Innovation Development in Lithuania

26 06 2023

The general assembly of the Lithuanian Academy of Sciences, held on 20 June 2023, focused on the development of innovation and its challenges. Does innovation come from professionals trained in higher education, including PhDs? Is innovation taking root in business and industry? These were the topics, among others, discussed by representatives of research policy, entrepreneurship promoting institutions, entrepreneurs themselves, and representatives of their associations.

After quoting President of the Republic of Lithuania Gitanas Nausėda, who said in his annual report that science advisors were introduced in government institutions and that innovation would not develop without strong science, Prof. Jūras Banys, president of the Lithuanian Academy of Sciences,  invited the first speaker to the podium.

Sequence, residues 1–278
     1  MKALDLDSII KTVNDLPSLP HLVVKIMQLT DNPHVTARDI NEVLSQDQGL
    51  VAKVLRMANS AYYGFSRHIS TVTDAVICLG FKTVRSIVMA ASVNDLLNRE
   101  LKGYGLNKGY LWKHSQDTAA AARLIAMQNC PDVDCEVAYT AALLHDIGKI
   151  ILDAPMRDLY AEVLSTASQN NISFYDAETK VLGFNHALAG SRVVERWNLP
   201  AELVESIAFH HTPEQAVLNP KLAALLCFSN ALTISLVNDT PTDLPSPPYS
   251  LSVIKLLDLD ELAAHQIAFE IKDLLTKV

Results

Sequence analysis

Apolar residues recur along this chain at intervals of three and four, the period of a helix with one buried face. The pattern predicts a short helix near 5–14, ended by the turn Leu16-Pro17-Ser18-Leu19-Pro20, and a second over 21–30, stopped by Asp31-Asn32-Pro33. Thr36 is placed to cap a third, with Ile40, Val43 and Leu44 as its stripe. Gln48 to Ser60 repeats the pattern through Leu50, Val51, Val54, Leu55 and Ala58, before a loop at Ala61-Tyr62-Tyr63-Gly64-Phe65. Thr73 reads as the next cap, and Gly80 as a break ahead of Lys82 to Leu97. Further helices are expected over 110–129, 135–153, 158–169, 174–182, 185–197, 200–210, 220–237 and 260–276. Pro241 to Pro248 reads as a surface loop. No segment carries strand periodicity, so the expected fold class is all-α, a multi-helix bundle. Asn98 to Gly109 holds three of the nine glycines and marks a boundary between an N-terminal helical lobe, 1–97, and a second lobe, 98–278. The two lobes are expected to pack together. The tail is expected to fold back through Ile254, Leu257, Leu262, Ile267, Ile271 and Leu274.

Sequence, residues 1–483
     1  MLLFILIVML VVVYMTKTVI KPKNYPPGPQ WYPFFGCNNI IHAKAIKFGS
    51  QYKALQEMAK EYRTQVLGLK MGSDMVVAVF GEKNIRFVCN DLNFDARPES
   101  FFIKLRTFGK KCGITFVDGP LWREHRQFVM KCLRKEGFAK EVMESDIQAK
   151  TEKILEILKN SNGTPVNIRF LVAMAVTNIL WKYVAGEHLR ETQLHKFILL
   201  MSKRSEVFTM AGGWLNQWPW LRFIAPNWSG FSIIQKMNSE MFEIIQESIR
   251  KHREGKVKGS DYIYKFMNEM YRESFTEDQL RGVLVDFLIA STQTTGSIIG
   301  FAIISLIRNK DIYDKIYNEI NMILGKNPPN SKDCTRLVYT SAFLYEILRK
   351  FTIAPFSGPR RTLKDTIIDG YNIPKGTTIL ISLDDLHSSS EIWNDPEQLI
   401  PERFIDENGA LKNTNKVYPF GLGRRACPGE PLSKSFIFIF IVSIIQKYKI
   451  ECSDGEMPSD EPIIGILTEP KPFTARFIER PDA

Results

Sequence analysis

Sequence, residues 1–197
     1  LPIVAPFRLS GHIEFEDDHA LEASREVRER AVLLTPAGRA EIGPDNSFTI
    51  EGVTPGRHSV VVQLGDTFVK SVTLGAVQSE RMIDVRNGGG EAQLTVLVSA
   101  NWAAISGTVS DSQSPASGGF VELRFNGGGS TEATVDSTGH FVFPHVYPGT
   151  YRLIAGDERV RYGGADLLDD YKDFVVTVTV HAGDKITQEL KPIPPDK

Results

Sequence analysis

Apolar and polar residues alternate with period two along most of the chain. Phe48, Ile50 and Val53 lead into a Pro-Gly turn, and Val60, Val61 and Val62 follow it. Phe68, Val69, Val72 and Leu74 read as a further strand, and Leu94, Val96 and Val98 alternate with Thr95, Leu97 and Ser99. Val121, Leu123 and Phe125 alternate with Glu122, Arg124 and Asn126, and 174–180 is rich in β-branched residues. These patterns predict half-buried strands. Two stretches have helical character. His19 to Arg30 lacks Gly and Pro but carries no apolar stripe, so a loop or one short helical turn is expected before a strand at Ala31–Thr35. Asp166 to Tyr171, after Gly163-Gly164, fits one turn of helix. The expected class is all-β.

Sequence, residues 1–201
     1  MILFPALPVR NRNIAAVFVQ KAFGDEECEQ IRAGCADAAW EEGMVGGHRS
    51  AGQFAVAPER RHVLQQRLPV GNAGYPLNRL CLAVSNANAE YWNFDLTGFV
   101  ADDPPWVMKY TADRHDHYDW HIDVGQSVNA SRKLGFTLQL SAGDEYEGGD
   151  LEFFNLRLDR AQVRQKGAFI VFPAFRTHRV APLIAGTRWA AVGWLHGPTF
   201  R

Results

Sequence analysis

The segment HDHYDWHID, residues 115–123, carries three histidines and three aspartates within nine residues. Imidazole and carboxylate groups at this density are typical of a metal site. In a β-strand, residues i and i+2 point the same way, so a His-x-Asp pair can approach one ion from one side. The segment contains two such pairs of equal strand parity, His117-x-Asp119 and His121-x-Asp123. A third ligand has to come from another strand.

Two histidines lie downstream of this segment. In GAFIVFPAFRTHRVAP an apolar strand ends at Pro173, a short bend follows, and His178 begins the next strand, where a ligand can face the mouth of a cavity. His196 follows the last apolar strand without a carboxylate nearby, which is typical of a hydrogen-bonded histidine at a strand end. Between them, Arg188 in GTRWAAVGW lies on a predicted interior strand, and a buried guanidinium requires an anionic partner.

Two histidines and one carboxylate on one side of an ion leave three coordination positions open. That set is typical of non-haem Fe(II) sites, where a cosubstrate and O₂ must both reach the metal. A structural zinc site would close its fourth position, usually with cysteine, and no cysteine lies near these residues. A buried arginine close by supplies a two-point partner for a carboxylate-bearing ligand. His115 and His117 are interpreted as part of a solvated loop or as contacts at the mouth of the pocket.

Rasa Kulvietienė, advisor to the Minister of Education, Science and Sport of the Republic of Lithuania, gave an overview of the challenges identified in the science development programme of the ministry and the measures to address them. These measures include a more favourable environment for talent, the involvement of young people in research activities, the innovative implementation of the functions of the Research Council of Lithuania, including the promotion of science-business cooperation, and the implementation of the above-mentioned  institute of science and innovation advisors. The speaker pointed out that three missions were being carried out in cooperation with the Ministry of Economy and Innovation: Innovations for Health, Inclusive and Creative Society, and Smart and Climate Neutral Lithuania. Research and innovation will receive €267M from the structural funds of the European Union.